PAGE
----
These are resources that I have found particularly interesting and useful over the years. I’m sure there are many, many others that are equally worthy of a spot on your reading list! Also, be sure to keep reading for my review for Unit One of the Advanced Herbal Course (below). The lessons are full of topics for the herbal historian in you to explore! Even if you don’t take the course, you can use the topics as ideas for your own research.
Advanced Herbal Course Review: Unit One Herbal Wisdom Traditions and History
As part of my continuing education as an herbalist, I enrolled with the Herbal Academy as a student in the Advanced Herbal Course. It’s a wonderful program and I highly recommend it! There are thirteen Units comprised of multiple lessons each. Unit One covers herbal history in a series of engaging lessons that explore historical herbal traditions in depth.
Let’s Take a Look!
The material in this Unit gives you a very nuanced set of tools for thinking about herbalism. When you move to the next Unit, you will be able to examine herbalism within historical, anthropological, and modern contexts. I think that these tools are just as important as being able to address herbs from a scientific perspective. There’s so much that we, as modern herbalists, can investigate regarding traditional use. And that is much easier to do once you are armed with historical and anthropological context!
Lesson One: Introduction to the Advanced Course
A very clear and concise introduction for navigating the course and what to expect. Nothing much to report on this lesson, other than you won’t want to skip it. It will help you get your bearings for the whole course!
Lesson Two: The Humoral System and Astrological Medicine
I loved reading this lesson. The writing style is very engaging and the content is fascinating. It’s a survey of herbalism from Ancient Greece through the 1700s. You will discover leading herbalists of the time, including Galen, Paracelsus, and Culpeper. Their work was fundamental for Western herbalism as it developed around Greek humoral medicine. The lesson delves into the frameworks they used to explain the human body, herbs, and disease.
Lesson 3: American Botanical Movement
Early American history was actually a busy time for herbalism. There was the introduction of tobacco and sassafras to Europe, publication of Culpepper’s Herbal in Boston in 1708, and the exploratory efforts of a slew of medical botanists interested in the discovery and use of American plants. Another intriguing lesson!
Lesson 4: Other American Botanical Traditions
This lesson highlights the diversity of herbal practitioners in the “new world.” Native American, African American, and Appalachian folk traditions are all explored. I was really happy to see this. It illustrates that even at this point in history there were multiple levels of herbalism active (and interacting) at once! This is not unlike what we experience in modern herbalism. Today there are many cultural perspectives and folk approaches existing alongside a more scientific, clinical approach.
Lesson 5: Traditional Chinese Medicine
For this lesson, you’ll go back along the timeline of herbalism a few thousand years and visit the traditions developing on the other side of the globe. Granted, Traditional Chinese Medicine (TCM) is ultimately an extremely complex and detailed framework for working with herbs. The scope of this lesson gives you a palatable taste of that. It does an excellent job of conveying the basics without being overwhelming.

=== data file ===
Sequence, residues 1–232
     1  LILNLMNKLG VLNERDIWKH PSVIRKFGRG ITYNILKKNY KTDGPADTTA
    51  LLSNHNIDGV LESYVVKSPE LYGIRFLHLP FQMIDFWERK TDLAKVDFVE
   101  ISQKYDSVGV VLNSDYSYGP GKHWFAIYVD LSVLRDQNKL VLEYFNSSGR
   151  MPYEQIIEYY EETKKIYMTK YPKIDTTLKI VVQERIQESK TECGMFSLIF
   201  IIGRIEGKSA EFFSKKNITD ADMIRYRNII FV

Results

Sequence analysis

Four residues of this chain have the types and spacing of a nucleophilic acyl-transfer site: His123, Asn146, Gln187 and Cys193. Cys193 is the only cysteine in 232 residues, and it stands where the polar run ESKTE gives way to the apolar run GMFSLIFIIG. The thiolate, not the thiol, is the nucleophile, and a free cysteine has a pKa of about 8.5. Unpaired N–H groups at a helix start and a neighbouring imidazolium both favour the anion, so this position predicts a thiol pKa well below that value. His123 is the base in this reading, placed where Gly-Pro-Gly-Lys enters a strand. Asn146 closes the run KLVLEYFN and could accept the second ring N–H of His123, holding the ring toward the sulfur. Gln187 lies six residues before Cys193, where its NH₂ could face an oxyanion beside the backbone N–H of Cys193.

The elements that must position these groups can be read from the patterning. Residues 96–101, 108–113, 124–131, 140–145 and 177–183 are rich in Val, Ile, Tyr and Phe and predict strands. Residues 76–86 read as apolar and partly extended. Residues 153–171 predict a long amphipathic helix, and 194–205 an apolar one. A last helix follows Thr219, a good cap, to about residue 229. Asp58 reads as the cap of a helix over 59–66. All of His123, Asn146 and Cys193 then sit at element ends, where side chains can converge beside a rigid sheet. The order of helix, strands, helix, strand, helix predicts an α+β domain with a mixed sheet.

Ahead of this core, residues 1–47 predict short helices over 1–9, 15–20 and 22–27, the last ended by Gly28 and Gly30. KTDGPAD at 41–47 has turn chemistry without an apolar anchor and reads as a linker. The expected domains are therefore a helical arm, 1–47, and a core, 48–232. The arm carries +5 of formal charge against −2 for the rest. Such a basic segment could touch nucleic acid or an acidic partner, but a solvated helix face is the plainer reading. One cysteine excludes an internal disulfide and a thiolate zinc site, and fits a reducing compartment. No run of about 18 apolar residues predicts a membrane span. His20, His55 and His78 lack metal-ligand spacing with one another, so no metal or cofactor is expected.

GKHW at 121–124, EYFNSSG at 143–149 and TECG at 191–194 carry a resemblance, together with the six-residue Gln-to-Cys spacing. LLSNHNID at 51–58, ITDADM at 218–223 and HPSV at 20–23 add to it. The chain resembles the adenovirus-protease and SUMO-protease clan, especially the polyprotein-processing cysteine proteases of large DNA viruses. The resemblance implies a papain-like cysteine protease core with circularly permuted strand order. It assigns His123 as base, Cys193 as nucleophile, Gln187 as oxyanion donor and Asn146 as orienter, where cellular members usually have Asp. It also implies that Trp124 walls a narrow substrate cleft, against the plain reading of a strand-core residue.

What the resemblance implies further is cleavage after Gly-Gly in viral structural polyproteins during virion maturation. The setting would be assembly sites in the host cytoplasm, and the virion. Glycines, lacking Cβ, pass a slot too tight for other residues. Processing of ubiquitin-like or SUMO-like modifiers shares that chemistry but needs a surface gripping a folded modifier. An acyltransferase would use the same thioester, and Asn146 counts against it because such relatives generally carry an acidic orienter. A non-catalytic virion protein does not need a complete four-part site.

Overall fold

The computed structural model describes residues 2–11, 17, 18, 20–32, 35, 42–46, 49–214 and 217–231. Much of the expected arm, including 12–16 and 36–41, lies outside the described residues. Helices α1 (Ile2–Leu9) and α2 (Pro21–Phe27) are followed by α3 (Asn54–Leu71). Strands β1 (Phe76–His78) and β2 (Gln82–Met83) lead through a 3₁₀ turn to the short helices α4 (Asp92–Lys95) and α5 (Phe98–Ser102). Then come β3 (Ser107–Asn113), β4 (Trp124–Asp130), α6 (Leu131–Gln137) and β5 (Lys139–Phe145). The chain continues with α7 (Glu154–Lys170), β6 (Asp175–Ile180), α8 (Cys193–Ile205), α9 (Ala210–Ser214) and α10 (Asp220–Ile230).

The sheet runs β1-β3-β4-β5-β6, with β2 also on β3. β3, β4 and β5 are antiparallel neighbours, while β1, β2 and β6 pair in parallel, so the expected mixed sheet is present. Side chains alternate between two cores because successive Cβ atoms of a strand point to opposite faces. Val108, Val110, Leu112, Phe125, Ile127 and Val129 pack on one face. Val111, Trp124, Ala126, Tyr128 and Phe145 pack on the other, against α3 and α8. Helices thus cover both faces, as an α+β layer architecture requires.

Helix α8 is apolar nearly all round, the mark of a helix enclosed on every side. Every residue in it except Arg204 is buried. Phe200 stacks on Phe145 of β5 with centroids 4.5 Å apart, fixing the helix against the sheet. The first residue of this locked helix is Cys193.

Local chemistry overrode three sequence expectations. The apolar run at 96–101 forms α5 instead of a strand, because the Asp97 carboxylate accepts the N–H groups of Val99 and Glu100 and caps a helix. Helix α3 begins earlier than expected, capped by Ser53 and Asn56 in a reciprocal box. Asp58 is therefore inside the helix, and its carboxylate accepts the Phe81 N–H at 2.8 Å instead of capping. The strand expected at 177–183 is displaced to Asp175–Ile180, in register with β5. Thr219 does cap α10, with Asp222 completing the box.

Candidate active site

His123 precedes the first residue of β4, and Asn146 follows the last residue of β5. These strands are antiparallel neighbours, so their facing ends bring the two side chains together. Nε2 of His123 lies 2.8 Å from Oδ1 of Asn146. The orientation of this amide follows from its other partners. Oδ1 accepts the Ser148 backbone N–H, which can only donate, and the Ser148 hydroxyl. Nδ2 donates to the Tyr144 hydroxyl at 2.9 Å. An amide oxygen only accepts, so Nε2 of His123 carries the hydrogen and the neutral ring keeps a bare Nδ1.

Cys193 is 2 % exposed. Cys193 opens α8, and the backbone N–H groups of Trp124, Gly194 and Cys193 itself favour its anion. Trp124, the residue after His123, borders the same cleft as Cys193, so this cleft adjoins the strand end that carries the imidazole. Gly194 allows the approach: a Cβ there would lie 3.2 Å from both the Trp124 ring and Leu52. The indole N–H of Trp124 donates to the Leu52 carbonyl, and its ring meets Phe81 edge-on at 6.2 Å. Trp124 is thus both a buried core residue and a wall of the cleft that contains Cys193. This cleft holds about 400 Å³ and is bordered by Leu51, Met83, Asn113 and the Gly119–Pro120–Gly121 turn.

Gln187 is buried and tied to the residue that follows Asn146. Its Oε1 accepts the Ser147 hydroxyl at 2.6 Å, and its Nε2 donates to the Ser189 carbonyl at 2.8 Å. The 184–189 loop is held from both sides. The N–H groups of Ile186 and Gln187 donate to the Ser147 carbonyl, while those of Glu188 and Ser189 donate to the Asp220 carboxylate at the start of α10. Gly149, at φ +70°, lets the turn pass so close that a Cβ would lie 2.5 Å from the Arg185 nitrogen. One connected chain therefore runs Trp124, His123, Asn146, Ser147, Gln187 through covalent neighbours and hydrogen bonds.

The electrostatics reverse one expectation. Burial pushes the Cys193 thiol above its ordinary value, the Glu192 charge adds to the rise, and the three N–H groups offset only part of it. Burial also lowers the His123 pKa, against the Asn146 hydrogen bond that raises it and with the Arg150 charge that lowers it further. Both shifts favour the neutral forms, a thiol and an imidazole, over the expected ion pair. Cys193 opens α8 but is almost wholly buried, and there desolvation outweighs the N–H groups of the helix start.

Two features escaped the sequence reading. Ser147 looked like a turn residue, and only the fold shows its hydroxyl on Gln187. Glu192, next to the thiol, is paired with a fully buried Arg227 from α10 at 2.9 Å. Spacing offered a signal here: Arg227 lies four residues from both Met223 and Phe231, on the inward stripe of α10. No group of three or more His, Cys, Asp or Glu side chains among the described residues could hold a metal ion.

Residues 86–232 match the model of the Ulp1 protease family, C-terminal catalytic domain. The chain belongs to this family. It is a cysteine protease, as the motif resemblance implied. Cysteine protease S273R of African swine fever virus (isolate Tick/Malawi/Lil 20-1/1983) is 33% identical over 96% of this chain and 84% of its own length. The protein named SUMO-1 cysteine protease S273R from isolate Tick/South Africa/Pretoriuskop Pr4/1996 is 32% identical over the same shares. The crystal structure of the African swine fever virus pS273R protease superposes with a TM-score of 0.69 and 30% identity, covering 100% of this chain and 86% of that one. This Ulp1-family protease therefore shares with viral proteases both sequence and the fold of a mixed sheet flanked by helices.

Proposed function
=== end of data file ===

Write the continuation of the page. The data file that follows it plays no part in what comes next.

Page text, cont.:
Lesson 6: Ayurveda
While TCM was developing in China, another spiritual and philosophical approach to health was being born in India: Ayurveda. Like TCM, Ayurveda is highly detailed and far beyond what you can master in one lesson. After working through lesson six, however, you will be literate in the most important concepts. You will be able to move forward confidently with further self-directed study if you choose to do so.
Lesson 7: Global Healing Traditions
Historical and regional aspects to herbal traditions around the world are the focus for this lesson. African, Greco-Arabic, and Pacific traditions and even the World Health Organization’s views on traditional herbal practices are all included. This lesson also sensitively addresses the concepts of colonialism and how it has impacted herbalism around the world. The responsibilities and ethical concerns of modern herbalists as we move forward are another important topic in this lesson.
Lesson 8: Modern Allopathy and Holistic Healing
For Lesson 8, you will jump back to North America. This lesson examines how herbalism and the rise of modern medicine interfaced during the 1700s and 1800s. The colonial period of the United States was a complex time for politics and paradigms in many facets of life, and herbalism was no different. Pressures from the emerging medical field had ramifications on medicinal plant use all the way through the 1900s and beyond. This lesson goes on to explore how modern medicine is turning full circle to explore medicinal plants once again.
Continuing Your Herbal Education with History
Learning the history of herbalism can give you deep insights as you further your herbal studies. From ancient times to modern ethnobotany, there’s a lot to take in when it comes to herbal history. This Unit will leave you eager for more and leaves you with lots of resources for further reading.
Ready to immerse yourself in the history of herbalism with the Advanced Herbal Course? Stop by the Herbal Academy’s website for more information. Learn more about the Advanced Herbal Course and discover how to enroll on the Course page. I have been part of the Herbal Academy’s writing team in the past, and currently am an affiliate for their programs. This means that I earn a commission when you enroll (at no extra cost to you). I choose to promote their courses because I’m truly impressed with what they have accomplished with this educational resource!
I’m an herbalist and author from Atlanta, Georgia. Thanks for visiting my blog! My popular herbal recipe book is full of creative ideas for supporting wellness with adaptogens like rhodiola, holy basil, and ashwagandha. You can learn more about my book here. It’s available for purchase through Amazon, Barnes and Noble, or by request at your favorite local book shop!
Follow along on Pinterest, Facebook, and Instagram!